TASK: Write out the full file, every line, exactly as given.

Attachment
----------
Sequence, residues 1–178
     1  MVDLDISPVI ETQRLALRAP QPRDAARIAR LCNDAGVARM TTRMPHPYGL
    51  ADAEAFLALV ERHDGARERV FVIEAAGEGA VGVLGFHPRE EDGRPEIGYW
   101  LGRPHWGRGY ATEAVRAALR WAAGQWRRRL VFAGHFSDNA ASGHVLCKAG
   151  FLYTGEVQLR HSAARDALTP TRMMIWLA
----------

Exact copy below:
Sequence, residues 1–178
     1  MVDLDISPVI ETQRLALRAP QPRDAARIAR LCNDAGVARM TTRMPHPYGL
    51  ADAEAFLALV ERHDGARERV FVIEAAGEGA VGVLGFHPRE EDGRPEIGYW
   101  LGRPHWGRGY ATEAVRAALR WAAGQWRRRL VFAGHFSDNA ASGHVLCKAG
   151  FLYTGEVQLR HSAARDALTP TRMMIWLA